In the past, I have bemoaned people’s behavior on the internet. You can read more about it here, here, here, and here. Oh, and here too. This behavior has mostly be centered around militant fanboys who like their comics/movies/nerd-related item too much, thereby making their behavior pathetic and my personal interest in said topic dwindle. For simplicity’s sake, I’ll use the whole “Marvel Comics versus DC Comics” as an example. You get things like name calling, belittling others and their opinion, and even threats flung around towards people who have different opinions and even those who have no part in the rivalry and are only work for the opposing company.
I know I am not the only one who looks down on the behavior. It appears that modern society does too as this behavior is showcased in the general pop-culture image of what a nerd is. Heck, Big Bang Theory has successfully been milking this for humor for years. This kind of behavior sometimes makes be ashamed to be a fan of such nerd-related things and I would be lumped together with that crowd.
So if this kind of childish behavior is looked down upon with nerd stuff (and rightfully so), how come it seems socially acceptable to act the exact same way when it comes to professional sports? Last night, there was a pretty big game in Chicago – some might arguably claim it was bigger than the Super Bowl. The Bears faced off against their main rivals the Packers. In a pretty exciting (and close) game, the Packers ultimately won, and my Facebook (which consists of mostly Bears fans) exploded in juvenile complaining and whining in the same manner that some uber-nerd would complain about something DC Comics did better than Marvel.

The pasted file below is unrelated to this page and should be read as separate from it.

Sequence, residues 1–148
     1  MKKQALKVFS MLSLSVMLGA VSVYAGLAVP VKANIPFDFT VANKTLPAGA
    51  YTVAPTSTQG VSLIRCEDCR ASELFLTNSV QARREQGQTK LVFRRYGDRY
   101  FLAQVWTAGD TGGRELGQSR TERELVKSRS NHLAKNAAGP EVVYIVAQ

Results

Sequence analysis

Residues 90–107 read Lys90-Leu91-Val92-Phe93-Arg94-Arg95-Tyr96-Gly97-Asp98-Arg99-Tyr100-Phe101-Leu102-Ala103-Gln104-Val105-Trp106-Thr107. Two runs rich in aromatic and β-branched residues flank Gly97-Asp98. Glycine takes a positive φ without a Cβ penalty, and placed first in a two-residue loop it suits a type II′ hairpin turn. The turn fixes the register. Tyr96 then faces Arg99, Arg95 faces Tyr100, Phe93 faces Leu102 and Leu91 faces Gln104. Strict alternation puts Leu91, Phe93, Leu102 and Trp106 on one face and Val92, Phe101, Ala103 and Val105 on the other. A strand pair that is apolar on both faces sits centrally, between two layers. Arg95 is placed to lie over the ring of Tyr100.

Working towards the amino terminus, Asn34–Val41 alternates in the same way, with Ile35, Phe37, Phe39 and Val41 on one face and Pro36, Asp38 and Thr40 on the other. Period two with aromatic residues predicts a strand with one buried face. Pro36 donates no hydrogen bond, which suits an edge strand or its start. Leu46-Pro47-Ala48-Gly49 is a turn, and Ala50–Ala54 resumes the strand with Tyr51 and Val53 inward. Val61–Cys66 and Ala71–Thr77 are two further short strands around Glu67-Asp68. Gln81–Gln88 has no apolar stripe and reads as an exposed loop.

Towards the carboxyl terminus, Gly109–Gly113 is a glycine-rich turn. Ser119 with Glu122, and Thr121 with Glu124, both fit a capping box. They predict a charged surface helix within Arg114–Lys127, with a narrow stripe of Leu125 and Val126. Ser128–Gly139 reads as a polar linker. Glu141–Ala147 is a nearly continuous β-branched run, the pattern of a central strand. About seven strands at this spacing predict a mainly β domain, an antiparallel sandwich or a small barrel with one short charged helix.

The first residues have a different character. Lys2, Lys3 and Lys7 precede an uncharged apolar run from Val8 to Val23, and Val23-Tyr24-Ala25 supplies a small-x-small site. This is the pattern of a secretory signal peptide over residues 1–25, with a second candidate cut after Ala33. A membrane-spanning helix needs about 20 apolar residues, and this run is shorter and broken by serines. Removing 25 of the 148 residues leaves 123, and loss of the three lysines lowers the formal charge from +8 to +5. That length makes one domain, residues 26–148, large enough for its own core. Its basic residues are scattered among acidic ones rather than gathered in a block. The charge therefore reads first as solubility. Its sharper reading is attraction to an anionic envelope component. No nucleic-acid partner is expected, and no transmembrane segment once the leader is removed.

Getting juvenile and militant over either “rivalry” is pathetic.
I should state – and I cannot stress this enough – that I am neither a Bears nor Packers fan. I had no stake in that game. As such, I feel I can look at this in an objective light.
I read some really crazy, disturbing things over the past 24 hours concerning the game. Between vicious desires of Aaron Rogers getting paralyzed, Jay Cutler being thrown from a car, hopeful prayers to God (because, you know, the Almighty would apparently care about a football game), mocking and belittling references to players, and sniffling cry-baby attitudes, it is time like these that I am glad I don’t have Twitter (subscribe to the Culture Cast’s Twitter account!).
I am not saying one is better than the other. Both are equally pathetic and sad. All the stuff about Bears/Packers and Rogers/Cutler I’ve read could be replaced with DC/Marvel Comics and Dan Didio/Joe Quesada, and no one would know the difference. Why is this socially okay, but the other not? Both are unacceptable.
I get that you want to see your team to win and a rivalry is fun. And becoming disappointed when your team loses is natural, but not to the levels Facebook fans make it out to be. Some claim that they are “just passionate fans”. But, when you seriously desire to see someone paralyzed so they can’t play, no, you’re not. You’re just an asshole. It is just a game you have no part of other than a spectator. Say “rats”, shrug your shoulders, and get on with your life. Why is it necessary to get this worked up over it? The truth is, it isn’t.